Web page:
Law report: Appeal would be heard in absence of absconder

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The appeal against a confiscation order of a convicted drug trafficker who had absconded from prison and was still at large would, exceptionally, be listed for hearing in his absence.

Regina Gooch; Court of Appeal (Criminal Divison) (Lord Justice Buxton, Mr Justice Maurice Kay and Judge Coles) 16 January 1998

On an application for directions, the Court of Appeal ordered that the appeal of Malcolm Gooch against a sentence of 11 years' imprisonment imposed for being knowingly concerned in the importation of a controlled class B drug, and against a confiscation order in the sum of pounds 650,000, be listed for hearing in his absence.

The appellant's appeal against conviction had been dismissed in May 1995, when his appeal against sentence had been adjourned. Before the case could be relisted, the appellant absconded from prison, and he remained at large.

David Lederman QC (Registrar of Criminal Appeals) for the appellant; David Barnard and Barry G. Gregory (HM Customs and Excise) for the Crown.

Lord Justice Buxton said that the Crown sought the determination of the outstanding appeal against sentence, because by section 11 of the Drug Trafficking Offences Act 1986 it was unable to enforce the restraint orders and other orders which it held in respect of that part of the appellant's property representing the sum of pounds 650,000 ordered to be confiscated by the judge.

The court had been referred to R v Flower [1965] 3 All ER 669, which made it clear that if an appellant was not present when his appeal was called on because he had escaped, it was the normal practice of the court either to adjourn the appeal or dismiss it according to the justice of the case. In that case, however, the court had decided to hear the appeal in the appellant's absence because, although he was unrepresented, all the points raised on his appeal had been raised and canvassed by counsel for his co-appellants.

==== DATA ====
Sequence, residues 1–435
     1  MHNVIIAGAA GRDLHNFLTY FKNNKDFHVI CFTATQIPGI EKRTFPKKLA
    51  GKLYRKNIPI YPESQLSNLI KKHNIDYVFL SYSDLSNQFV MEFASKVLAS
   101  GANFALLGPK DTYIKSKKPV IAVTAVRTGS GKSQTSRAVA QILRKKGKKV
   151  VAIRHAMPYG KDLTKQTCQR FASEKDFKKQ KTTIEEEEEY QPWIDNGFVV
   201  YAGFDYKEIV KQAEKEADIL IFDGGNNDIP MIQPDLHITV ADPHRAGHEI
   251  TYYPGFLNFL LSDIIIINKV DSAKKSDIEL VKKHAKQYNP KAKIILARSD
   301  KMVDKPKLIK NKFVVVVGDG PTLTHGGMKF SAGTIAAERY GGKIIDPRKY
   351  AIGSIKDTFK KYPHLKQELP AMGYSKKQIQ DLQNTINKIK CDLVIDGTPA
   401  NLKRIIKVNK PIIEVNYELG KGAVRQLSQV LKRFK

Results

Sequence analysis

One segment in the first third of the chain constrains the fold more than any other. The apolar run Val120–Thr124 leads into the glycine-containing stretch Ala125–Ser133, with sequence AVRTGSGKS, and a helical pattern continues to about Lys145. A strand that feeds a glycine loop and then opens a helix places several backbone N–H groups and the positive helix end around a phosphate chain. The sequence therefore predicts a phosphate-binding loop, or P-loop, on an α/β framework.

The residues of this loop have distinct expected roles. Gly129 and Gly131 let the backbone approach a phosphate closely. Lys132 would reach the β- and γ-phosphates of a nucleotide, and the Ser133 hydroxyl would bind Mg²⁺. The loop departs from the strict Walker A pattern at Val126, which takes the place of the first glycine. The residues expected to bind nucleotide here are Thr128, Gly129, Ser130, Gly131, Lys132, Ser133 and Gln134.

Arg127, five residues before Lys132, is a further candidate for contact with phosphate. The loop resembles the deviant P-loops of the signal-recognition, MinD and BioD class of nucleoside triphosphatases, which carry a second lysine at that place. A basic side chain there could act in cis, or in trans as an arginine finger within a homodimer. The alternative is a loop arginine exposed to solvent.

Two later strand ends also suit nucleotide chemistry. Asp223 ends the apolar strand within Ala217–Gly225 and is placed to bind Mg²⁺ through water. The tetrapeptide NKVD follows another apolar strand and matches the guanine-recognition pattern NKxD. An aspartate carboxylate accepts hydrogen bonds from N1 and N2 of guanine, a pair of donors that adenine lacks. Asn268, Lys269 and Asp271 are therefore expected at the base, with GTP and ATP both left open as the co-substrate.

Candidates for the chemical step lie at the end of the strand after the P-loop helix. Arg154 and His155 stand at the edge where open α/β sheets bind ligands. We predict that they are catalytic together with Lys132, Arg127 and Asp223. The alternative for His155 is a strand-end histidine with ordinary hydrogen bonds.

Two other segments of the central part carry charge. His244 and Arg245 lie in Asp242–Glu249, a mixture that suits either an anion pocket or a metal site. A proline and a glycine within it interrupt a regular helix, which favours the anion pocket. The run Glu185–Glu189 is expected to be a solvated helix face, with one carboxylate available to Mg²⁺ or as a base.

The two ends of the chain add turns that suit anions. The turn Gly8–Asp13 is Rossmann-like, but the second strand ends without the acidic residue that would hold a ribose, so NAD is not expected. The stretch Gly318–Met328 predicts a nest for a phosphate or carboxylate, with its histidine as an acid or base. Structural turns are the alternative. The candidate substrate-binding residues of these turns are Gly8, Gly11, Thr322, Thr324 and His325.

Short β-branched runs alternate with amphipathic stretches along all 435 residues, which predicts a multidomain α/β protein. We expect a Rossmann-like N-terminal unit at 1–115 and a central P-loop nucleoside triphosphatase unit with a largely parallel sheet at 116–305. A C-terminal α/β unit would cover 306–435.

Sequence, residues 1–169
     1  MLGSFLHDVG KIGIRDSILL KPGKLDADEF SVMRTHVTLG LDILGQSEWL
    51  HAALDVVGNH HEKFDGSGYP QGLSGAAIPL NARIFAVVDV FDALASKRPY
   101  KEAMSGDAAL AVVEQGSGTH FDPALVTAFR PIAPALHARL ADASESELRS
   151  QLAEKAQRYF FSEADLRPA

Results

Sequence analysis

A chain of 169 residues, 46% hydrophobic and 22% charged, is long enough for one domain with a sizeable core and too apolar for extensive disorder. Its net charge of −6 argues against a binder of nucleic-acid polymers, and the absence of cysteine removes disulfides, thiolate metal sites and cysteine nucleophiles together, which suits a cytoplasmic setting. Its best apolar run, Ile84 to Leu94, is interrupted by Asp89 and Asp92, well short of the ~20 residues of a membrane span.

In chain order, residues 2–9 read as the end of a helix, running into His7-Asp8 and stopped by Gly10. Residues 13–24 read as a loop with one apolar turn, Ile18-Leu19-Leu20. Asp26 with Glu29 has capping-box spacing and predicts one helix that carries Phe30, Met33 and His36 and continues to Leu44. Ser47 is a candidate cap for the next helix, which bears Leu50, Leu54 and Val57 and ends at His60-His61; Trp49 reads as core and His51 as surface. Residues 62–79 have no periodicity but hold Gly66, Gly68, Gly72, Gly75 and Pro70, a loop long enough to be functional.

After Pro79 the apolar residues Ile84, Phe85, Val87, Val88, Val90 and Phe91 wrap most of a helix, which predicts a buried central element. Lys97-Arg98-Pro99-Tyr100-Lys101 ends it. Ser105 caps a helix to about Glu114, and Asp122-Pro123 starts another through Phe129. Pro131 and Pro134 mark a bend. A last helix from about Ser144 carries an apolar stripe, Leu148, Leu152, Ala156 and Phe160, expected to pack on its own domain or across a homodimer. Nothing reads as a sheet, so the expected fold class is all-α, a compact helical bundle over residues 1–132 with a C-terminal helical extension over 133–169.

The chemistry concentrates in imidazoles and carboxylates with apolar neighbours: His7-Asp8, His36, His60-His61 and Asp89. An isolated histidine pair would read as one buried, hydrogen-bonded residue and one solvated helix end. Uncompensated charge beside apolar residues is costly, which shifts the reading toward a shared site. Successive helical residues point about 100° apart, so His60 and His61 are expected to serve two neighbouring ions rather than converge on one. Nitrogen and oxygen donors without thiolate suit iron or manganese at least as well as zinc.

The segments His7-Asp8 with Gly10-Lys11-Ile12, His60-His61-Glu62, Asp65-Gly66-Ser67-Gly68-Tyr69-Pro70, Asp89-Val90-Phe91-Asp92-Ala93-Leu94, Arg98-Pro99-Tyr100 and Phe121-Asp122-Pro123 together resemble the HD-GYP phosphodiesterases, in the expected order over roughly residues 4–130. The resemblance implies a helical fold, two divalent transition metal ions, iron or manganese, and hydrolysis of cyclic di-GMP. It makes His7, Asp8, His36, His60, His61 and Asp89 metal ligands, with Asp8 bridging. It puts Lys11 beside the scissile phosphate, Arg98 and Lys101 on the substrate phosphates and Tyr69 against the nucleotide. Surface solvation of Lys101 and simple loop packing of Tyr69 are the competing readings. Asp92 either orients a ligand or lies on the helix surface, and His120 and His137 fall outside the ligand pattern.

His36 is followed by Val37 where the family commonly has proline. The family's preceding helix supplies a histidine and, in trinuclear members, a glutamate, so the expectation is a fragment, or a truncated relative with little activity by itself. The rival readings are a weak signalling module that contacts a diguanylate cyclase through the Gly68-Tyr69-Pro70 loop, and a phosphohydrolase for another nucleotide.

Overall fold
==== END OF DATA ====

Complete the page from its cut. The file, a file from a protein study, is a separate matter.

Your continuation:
It followed from Flower that there was no rule that an appeal could not be heard in the absence of the appellant, even where his absence could in a general sense be said to be contumacious.

On the present appeal, neither further instructions nor the presence of the appellant were required. In the view of the court, without in any way binding the court which would eventually have to deal with the matter, there was a point raised on the appellant's behalf in respect of the confiscation order which merited substantive consideration.

The prosecution argued that the appellant's conduct was contumelious, and on an analogy with civil proceedings he should not be allowed to proceed with his appeal where he was, if not directly in contempt of court, behaving in a way which was inconsistent with the orders of the Crown Court. That analogy was not, however, exact. The appellant's escape did not affect the conduct of the present proceedings, however much it might be a refusal to accept their possible outcome.

Furthermore, the rule in the civil jurisdiction that a contemnor would not be heard was not absolute, and should be exercised only exceptionally. Gordon v Gordon (1904) Probate Reports 163 demonstrated that where complaint was made of a fundamental matter with regard to an order, the court would not necessarily treat the fact that the order had been disobeyed as a reason for not hearing the complaint. Those considerations must apply strongly in a case where what was in issue was a matter of criminal punishment, and where the appellant sought to say that the punishment should not have been imposed at all, or not in the form or to the extent that it had been imposed.

It must be emphasised that the present case was exceptional. An adjournment would be very unsatisfactory from all points of view, and the appeal would therefore be listed for hearing. Other persons who absconded from prison should not, however, assume that any outstanding appeal would be dealt with in a similar way.